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Originally part of Salisbury, MA (1640), “New Town,” on the left bank of the Powwow River (a tributary of the Merrimack) officially became Amesbury in 1668.
The Old Burying Point Cemetery, also known as the Charter Street Cemetery, is the oldest cemetery in Salem, and one of the oldest in the United States. Opened in 1637, it is the final resting place of several Salem notables. (King’s Chapel Burying Ground in Boston is the oldest, founded in 1630.)
The only structure still standing in Salem that has a direct connection to the witchcraft trials and is open to the public is the Witch House, on the corner of Essex and North Streets. This home, built circa 1675, was the residence of Judge Jonathan Corwin in 1692.
This church was established In 1733 largely through the support of the wealthy Salem merchant Philip English. English was accused of witchcraft in 1692, but ultimately escaped from prison and fled to New York to wait out the witch trials.
Located just off Charter Street, on Liberty Street, is Salem’s simple yet dramatic memorial to the 20 victims of the witch trials of 1692. This memorial was erected to mark the 300th anniversary of the Salem witch trials. The Witch Trials Memorial was dedicated on August 5, 1992 by Nobel Laureate, Holocaust survivor, and author Elie Wiesel, who noted, “If I can’t stop all of the hate all over the world in all of the people, I can stop it in one place within me,” adding, “We still have our Salems.”
Samuel Sewall, a justice on the Court of Oyer and Terminer, is buried beneath a red sandstone table stone in the northwest portion of the cemetery (Plate 18). The stone’s surface is inscribed: “Honl. Judge Sewall’s Tomb Now the property of his Heirs Philip R. Ridgway 1810 Ralph Huntington 1812 No. 185 Ralph Huntington.”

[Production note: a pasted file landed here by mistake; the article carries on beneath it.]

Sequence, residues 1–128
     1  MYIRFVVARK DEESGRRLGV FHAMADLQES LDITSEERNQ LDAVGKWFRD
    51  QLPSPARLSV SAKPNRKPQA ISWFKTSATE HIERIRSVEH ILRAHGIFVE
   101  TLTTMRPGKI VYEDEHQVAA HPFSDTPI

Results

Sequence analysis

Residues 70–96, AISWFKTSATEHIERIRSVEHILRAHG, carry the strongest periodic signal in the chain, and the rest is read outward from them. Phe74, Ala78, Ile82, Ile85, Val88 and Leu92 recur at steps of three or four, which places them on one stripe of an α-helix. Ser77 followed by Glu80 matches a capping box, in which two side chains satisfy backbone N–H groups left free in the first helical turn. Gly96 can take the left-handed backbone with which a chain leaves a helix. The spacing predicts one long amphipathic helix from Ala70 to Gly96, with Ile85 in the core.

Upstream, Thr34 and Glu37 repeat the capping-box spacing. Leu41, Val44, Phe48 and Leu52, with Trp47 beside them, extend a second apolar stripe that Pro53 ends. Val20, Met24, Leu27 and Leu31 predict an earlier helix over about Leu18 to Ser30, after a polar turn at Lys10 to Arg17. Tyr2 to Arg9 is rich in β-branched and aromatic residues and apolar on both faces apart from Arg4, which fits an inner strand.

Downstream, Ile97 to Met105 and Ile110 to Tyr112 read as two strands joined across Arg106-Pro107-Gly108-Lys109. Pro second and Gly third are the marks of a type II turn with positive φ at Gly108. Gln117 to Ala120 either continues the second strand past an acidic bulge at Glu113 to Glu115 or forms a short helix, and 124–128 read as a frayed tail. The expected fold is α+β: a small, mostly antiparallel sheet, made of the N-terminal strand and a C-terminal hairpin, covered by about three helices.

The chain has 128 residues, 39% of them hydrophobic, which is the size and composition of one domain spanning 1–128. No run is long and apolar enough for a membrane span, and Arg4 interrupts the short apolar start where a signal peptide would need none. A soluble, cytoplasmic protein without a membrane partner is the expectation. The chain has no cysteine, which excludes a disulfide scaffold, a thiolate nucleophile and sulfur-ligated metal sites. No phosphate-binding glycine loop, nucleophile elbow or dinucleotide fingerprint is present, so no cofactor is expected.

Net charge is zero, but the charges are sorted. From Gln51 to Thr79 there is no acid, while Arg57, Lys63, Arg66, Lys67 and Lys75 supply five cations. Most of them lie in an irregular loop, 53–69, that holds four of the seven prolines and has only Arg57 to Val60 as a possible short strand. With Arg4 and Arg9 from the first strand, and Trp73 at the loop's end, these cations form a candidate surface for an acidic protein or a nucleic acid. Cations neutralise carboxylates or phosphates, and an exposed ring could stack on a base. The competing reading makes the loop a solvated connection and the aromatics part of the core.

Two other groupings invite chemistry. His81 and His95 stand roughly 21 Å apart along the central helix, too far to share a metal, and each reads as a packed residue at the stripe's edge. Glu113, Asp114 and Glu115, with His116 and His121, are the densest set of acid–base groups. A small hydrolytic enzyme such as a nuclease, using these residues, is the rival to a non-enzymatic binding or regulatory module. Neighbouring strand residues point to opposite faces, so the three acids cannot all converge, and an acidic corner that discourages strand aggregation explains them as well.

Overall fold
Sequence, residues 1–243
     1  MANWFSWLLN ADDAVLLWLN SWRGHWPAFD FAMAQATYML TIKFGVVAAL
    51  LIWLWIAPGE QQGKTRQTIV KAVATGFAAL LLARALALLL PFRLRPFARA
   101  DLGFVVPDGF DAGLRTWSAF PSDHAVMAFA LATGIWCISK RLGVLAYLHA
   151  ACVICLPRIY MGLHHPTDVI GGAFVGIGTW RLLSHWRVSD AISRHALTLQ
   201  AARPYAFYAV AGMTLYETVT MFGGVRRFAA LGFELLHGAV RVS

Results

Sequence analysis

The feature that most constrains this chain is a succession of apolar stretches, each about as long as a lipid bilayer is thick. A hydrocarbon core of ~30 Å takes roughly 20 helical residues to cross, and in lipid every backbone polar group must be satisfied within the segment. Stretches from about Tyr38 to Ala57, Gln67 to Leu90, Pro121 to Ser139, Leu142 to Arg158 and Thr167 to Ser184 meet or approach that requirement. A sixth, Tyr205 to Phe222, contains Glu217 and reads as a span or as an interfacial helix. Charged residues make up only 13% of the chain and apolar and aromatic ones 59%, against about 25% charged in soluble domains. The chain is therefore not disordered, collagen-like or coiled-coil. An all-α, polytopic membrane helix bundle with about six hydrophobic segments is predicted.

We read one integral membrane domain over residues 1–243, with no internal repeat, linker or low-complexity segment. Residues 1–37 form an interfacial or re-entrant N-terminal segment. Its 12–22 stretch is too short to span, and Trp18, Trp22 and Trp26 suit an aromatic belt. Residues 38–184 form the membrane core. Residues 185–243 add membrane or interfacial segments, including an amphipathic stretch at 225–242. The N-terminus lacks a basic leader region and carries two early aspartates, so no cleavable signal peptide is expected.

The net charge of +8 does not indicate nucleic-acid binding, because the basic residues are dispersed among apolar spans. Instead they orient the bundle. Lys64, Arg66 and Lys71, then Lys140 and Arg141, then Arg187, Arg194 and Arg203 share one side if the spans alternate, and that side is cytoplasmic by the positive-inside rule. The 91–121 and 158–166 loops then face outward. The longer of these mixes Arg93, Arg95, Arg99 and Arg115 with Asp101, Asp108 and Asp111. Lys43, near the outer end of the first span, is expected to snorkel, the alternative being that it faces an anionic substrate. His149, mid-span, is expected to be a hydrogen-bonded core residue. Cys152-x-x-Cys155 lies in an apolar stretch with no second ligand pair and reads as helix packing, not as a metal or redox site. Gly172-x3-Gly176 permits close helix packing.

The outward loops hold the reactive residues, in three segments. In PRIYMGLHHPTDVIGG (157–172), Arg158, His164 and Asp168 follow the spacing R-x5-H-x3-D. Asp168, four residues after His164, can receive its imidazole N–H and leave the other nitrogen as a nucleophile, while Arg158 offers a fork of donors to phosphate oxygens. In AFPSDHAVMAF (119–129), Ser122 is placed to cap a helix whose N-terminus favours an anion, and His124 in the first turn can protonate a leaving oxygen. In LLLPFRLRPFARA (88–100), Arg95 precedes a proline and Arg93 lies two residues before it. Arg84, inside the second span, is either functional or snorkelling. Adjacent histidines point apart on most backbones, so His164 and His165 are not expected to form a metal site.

Hale built this house in 1694 and lived here until his death on 15 May 1700. A graduate of Harvard College in 1657, Hale became minister of the First Church in Beverly in 1665, a position he held for over thirty years.
In 1692, North Andover was known simply as “Andover.” It became embroiled in the witchcraft in July 1692 when Joseph Ballard brought several of the afflicted girls there to determine the cause of his wife’s illness.
Located at the intersection of Tremont and School Streets. Two people connected with the witchcraft are buried here. Also remembered here are: Major General Wait Still Winthrop, Thomas Brattle, and Thomas Newton
In this ancient cemetery, beneath an imposing marble table stone adorned with skulls, lies buried William Stoughton, the chief justice of the Court of Oyer and Terminer. Stoughton was born in 1631 and graduated from Harvard College in 1650.
By 1692, widow Mary Gedney was licensed to “sell drink out-of-doors” from this home, earning money that helped support her children. Mary Gedney, as well as her sister-in-law, both provided refreshments for the jurors and witnesses during the Salem witch trials.
Set back from Washington Street is the beautiful Federal style home built for the successful merchant Joshua Ward in 1784. The property has older connections that date back to the witchcraft trials. Today, visitors can still see ragged stones along the building’s foundation, which are all that remain of the 1692 home of George Corwin.